The spiking of COVID-19 cases in Denver has resulted in the city being moved to Safer at Home Level 3 (High Risk) on the Colorado Department of Public Health and Environment's dial system, as well as plenty of confusion about what the new rules mean for local businesses.
That's particularly true of gyms. During the October 27 announcement of the shift, Denver Department of Public Health and Environment's Bob McDonald admitted that rules previously prohibiting such facilities in Level 3 communities from serving customers indoors were in flux and promised that greater clarity would be coming — an answer that sowed more confusion than it alleviated. After all, concerns about gyms, yoga studios and the like have been common since the early days of the pandemic, with such operations fending off complaints about safety amid a shifting regulatory landscape that has resulted in some of these operations closing their doors permanently.
Now, however, the CDPHE has amended its public-health order to allow gyms in Denver to continue operating despite the Safer at Home Level 3 designation, albeit with considerably reduced capacity. And that's not the only change. The department previously stated that gym customers could go mask-free while exercising, but that's no longer the case.
To cut through the uncertainty, Westword reached out to the CDPHE to clarify the current gym mandates. The answers don't exactly qualify as an endorsement of working out at gyms; see what we mean below:
Westword: Were gyms previously among those businesses that were supposed to close under Safer at Home Level 3?
CDPHE: Previously, under Safer at Home Level 3, gyms could operate virtually or outdoors in groups of more than ten.
Has the state changed that guidance — and if so, what are the current rules?
We updated the Safer at Home public-health order this week. The order provides greater flexibility to gyms located in counties in Safer at Home Level 3.
Gyms are allowed to operate with the following capacity limits per room indoors or per designated activity area outdoors:
Safer at Home 1: 25 percent capacity, 75 people, whichever is fewer.
Safer at Home 2: 25 percent capacity, 50 people, whichever is fewer.
UPDATED: Safer at Home 3: 25 percent capacity, 25 people, whichever is fewer.
Why was the change made?
The change comes after feedback from stakeholders and local public-health agencies, as well as assessing case interview and outbreak data. The order provides greater flexibility to gyms located in counties in Safer at Home Level 3.
Are more changes in the guidelines imminent, or is the current policy likely to remain in place for the foreseeable future?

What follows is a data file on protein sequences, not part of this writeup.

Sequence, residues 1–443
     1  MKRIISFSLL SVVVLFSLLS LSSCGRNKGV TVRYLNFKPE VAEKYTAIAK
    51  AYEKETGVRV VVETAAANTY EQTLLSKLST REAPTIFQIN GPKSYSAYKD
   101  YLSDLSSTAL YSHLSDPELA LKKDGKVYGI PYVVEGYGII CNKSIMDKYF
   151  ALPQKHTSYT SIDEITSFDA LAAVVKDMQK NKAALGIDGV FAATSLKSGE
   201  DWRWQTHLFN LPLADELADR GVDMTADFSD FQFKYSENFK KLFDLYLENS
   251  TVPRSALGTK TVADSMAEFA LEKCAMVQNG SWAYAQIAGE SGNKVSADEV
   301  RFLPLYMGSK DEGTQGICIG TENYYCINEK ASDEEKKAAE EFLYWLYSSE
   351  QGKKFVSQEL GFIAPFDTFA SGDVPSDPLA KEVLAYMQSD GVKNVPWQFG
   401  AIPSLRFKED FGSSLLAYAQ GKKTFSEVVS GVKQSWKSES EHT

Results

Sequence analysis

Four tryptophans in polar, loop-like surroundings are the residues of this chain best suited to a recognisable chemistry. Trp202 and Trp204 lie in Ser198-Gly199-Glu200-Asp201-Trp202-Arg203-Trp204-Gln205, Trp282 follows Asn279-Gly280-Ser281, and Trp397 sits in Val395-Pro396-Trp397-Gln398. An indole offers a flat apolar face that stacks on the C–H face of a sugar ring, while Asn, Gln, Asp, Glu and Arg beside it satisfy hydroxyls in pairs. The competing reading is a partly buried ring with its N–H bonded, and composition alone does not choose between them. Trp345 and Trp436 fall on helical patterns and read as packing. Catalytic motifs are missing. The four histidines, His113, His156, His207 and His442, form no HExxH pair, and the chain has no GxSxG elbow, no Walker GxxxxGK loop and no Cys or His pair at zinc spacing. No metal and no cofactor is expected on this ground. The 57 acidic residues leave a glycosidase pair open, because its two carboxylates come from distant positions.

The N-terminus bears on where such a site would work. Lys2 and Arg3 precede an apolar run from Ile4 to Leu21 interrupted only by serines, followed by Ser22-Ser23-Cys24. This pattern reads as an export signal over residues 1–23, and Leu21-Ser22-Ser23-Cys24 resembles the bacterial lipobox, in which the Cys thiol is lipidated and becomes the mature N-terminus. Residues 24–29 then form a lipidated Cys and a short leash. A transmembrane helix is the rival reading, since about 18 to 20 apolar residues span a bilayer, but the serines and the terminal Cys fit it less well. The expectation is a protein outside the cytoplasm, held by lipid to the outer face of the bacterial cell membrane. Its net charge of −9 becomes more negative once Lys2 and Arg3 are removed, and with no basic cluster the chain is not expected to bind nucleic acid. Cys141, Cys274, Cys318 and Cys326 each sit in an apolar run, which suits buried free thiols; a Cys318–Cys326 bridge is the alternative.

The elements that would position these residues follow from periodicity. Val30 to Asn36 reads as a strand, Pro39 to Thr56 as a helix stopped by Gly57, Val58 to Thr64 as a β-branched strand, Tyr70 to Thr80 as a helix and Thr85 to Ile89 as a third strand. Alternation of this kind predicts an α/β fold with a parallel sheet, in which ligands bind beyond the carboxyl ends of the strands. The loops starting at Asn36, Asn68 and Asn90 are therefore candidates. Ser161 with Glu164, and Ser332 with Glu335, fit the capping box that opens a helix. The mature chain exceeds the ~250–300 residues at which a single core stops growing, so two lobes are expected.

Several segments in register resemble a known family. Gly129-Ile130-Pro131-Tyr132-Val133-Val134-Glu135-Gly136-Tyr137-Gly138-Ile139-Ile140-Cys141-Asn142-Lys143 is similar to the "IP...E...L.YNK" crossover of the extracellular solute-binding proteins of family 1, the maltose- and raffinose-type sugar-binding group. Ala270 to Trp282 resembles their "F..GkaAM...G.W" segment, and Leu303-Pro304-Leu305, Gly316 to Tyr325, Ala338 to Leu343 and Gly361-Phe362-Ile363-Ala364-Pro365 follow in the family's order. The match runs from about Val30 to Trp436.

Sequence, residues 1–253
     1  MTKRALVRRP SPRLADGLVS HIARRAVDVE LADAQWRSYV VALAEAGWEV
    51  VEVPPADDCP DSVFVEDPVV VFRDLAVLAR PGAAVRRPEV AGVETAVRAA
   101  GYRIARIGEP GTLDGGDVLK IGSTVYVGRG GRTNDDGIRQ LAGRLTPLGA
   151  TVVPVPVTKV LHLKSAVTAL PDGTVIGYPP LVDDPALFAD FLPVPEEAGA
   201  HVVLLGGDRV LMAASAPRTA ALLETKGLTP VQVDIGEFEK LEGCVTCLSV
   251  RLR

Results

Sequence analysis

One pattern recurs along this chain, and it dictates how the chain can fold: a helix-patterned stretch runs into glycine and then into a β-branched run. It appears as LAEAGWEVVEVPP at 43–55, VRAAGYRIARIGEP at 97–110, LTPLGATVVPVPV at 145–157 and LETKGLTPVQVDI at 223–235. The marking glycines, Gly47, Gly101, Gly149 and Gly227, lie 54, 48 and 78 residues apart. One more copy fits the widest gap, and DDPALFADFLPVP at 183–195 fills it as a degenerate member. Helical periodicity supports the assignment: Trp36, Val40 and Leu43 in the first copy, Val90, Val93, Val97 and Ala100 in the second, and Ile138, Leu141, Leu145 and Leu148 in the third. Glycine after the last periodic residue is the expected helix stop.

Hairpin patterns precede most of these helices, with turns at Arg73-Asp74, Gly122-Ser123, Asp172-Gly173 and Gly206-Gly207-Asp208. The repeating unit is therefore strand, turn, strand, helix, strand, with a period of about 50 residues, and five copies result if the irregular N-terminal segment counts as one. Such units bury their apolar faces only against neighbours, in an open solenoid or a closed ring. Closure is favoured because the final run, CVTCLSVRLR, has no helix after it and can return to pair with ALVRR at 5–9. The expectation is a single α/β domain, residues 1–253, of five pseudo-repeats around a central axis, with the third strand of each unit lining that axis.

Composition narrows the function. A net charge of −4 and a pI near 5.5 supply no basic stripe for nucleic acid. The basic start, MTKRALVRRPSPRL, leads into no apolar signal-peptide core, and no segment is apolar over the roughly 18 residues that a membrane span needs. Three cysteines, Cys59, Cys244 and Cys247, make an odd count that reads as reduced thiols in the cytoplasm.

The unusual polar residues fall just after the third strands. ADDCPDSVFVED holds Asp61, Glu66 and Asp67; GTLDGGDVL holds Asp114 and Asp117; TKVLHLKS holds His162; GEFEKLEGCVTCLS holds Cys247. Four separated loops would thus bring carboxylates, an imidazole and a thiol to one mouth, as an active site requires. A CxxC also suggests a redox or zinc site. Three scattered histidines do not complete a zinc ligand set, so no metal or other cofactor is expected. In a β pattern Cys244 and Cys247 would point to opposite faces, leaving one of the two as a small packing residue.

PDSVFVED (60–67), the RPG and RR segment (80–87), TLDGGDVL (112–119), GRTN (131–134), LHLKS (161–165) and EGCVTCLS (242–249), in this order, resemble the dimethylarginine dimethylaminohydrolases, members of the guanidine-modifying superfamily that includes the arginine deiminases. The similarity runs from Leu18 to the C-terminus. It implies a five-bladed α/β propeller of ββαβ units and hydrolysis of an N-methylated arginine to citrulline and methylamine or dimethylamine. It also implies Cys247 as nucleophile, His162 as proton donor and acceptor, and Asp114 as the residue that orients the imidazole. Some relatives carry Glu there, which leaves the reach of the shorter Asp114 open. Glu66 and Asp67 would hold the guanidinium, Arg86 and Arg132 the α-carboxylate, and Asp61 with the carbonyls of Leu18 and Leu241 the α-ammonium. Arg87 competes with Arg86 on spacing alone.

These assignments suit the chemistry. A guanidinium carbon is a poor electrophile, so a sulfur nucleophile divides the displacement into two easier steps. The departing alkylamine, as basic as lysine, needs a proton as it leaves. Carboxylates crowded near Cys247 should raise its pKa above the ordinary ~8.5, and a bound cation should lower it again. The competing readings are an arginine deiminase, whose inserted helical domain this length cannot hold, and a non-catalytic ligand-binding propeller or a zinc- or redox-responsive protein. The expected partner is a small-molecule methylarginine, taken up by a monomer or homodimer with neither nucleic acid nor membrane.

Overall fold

Executive and public-health orders are amended as we learn more about the spread of COVID-19. This is a rapidly evolving situation, and we must be fluid in our response to it.
How safe is working out at a gym located in a community with a Safer at Home Level 3 designation?
Working out at a gym is a higher-risk activity because it is indoors and is dependent on the frequency of cleaning, crowd size and whether others wear masks. Higher-risk people should consider safer alternatives, such as outdoor or home exercise.
In the past, the department has said masks don't need to be worn at gyms while individuals are exercising. Is that still the case, or has that changed — and if so, what is the current regulation?
Executive Order D 2020 138, signed on July 16, required that masks be worn in all indoor public spaces, including gyms. As part of the statewide mask order, it remains in effect.
What are the best safety protocols for people to use in gyms generally, and particularly in Denver, under the current scenario?
Exercising indoors at a gym is a higher-risk activity. Gym clients should physically distance, wear a mask and wash their hands frequently. Exercising outdoors is safer.
Is there anything else on this subject that you feel is important to add?
We are seeing an increase in cases and hospitalizations, and it is more important than ever that we work together to stop the spread of COVID-19. Everyone should wear a mask, physically distance, limit gatherings to ten people and no more than two households, and wash their hands frequently.
People who have tested positive should isolate at least ten days or until they have no fever for 24 hours (without the help of fever-reducing medicine) and their symptoms have improved. People who have symptoms should get tested immediately. If a person has been exposed but doesn’t have symptoms, they should wait seven days from exposure, and must remain in quarantine for fourteen days, regardless of test results.
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